March 13, 2013

Startup turns a smartphone into a smart toy

Unveiled at Launch, Ubooly shows power of sensor technology (and hugs)

Target audience: Entrepreneurs, technologists, designers, marketing professionals, businesses, toy manufacturers, parents.

JD LasicaAt last week’s Launch Festival in San Francisco, I spent a few minutes talking with Carly Gloge, the founder and CEO of a new startup called Ubooly. They make cuddly plush toys that you can personalize and interact with through your iPhone or iPod Touch. (You stick the device inside the toy.) It’s for kids ages 4 to 9.

Carly gave one of the more dynamic presentations on stage at Launch, so I caught up with her after her demo. Ubooly is out “to make toys smart,” she said. Smart devices, starting with the iPhone and iPod Touch, have become “so powerful compared to anything else that has been put in toys. So we thought, let’s merge the two.”

Voilà! The Ubooly (pronounced OO-buh-lee, which I finally pronounced right by the end of the video). What’s cool about this is:

• Children form an emotional bond with these toys that they’ll carry with them for years;

• Parents get to program the toy via the online Ubooly Lab, starting with setting up their child’s favorite color, animal and sports. From there, the parents can activate educational packs that seem best suited to their little one.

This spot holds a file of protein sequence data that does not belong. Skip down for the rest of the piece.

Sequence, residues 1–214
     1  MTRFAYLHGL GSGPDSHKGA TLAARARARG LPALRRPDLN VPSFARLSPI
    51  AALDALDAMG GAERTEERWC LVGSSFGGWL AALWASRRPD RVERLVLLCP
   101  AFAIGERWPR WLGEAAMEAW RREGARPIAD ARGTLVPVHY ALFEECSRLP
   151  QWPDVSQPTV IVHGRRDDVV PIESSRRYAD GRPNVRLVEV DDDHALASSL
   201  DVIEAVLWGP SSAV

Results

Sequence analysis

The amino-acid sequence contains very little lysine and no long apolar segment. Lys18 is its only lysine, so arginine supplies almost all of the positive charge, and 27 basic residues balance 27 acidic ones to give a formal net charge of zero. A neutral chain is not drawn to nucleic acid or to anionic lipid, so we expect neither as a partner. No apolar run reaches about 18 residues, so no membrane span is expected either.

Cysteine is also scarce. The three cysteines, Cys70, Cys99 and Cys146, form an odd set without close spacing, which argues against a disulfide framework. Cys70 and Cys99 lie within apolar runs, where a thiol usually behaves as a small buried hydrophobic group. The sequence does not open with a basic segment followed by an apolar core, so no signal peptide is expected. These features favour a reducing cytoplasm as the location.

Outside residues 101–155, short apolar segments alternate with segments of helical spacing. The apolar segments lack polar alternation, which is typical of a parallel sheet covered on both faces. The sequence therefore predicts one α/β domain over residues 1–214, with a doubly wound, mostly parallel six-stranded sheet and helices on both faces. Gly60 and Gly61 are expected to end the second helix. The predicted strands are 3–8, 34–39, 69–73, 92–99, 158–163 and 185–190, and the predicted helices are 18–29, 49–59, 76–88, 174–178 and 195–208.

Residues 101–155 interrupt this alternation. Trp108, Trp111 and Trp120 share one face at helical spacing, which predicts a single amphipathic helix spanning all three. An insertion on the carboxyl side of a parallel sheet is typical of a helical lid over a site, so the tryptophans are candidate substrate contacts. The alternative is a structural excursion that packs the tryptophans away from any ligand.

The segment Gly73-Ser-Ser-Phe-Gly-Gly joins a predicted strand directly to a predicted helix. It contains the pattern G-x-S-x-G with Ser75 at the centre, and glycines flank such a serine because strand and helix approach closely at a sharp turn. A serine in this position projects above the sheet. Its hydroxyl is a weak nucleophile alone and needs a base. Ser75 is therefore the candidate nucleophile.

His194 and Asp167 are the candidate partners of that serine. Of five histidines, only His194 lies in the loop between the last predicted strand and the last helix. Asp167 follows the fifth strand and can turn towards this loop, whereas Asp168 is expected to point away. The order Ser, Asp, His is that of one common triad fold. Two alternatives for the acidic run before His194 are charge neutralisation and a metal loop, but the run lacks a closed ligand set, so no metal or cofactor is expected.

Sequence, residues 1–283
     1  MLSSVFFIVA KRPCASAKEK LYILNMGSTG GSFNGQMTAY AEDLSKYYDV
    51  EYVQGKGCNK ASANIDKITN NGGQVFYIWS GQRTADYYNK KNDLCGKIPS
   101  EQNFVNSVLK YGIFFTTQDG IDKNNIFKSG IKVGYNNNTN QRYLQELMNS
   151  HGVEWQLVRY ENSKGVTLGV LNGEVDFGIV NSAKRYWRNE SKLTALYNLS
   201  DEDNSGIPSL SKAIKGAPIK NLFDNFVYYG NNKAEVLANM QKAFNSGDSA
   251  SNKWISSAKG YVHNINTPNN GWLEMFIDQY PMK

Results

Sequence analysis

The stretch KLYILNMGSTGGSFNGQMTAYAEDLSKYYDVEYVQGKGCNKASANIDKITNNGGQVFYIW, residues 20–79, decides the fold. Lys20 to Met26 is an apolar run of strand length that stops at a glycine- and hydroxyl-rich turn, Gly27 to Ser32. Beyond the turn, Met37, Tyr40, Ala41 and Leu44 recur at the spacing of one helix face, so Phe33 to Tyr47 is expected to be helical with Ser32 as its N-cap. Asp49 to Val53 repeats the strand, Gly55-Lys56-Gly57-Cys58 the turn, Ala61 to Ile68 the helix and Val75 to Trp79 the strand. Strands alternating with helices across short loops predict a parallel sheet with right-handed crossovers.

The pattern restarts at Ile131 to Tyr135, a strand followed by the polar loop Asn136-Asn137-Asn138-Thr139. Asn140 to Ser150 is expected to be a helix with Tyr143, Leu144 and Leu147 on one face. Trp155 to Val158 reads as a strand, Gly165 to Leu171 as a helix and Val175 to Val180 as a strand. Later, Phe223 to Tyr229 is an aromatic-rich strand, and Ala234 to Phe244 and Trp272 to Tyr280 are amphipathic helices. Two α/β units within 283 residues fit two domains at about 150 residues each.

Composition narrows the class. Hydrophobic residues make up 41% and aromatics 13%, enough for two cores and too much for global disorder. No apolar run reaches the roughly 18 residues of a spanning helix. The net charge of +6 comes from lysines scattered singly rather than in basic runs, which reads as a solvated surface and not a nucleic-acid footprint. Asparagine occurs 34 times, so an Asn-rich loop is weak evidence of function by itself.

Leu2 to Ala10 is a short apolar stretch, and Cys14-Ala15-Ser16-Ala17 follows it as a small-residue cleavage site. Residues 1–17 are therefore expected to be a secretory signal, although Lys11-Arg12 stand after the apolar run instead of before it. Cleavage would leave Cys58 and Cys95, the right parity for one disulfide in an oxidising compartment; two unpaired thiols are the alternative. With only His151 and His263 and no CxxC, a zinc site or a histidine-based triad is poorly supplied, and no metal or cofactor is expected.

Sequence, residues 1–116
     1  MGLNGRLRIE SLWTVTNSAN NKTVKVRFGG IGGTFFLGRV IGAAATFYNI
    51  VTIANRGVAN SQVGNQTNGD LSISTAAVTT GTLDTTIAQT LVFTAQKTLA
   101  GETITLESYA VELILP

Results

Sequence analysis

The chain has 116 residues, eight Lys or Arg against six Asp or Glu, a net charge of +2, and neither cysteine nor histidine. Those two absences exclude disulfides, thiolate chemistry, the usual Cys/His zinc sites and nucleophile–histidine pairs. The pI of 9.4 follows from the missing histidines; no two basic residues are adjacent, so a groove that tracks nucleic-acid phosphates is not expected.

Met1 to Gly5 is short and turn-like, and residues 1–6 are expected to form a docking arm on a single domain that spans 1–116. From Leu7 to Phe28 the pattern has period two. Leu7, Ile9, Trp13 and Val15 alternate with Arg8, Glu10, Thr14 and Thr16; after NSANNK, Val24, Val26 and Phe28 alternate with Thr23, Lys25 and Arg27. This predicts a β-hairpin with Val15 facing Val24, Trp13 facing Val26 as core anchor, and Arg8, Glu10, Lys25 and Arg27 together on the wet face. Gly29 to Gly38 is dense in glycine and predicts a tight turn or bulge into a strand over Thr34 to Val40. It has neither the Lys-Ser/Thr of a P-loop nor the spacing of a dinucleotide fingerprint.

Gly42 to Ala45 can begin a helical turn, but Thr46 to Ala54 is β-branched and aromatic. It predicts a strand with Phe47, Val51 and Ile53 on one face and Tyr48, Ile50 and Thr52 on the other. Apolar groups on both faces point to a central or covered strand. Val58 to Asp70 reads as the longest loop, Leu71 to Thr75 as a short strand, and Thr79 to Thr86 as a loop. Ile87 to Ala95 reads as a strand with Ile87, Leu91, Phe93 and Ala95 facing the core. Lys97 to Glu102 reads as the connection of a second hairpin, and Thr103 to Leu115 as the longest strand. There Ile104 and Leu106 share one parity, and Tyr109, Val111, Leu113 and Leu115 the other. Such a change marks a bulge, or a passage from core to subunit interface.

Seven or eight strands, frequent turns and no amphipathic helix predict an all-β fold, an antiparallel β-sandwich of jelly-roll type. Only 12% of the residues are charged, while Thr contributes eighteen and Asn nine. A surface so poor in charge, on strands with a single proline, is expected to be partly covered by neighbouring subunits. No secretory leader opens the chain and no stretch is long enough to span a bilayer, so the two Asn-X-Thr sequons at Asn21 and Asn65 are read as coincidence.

Ubooly launched with six packs — written by elementary school teachers and comedy writers — and will expand to 20 by the end of the month, Carly says.

Watch, download or embed the 4-minute video on Vimeo

Powerful personalization built on sensor technology + smartphones

Ubooly and the National Wildlife Federation just struck a deal for Ranger Rick packs that enable kids to take part in local treasure hunts

Sensor technology like fitness gadget Fitbit, which launched at TechCrunch50 in 2008, is becoming all the rage in startup circles. With smartphones, the potential for personalization is almost infinite.

Ubooly just lined up a deal with the National Wildlife Federation so that the startup will soon offer a Ranger Rick pack that enable kids to take part in treasure hunts in their communities through the use of geolocation coordinates.

Ubooly has six core team members in Boulder, Colo., and another 14 or so contractors around the globe. My kid’s too old for Ubooly, but I have some nieces whose kids are just the right age. How about you?JD Lasica, founder of, is now co-founder of the cruise discovery engine Cruiseable. See his About page, contact JD or follow him on Twitter or Google Plus.

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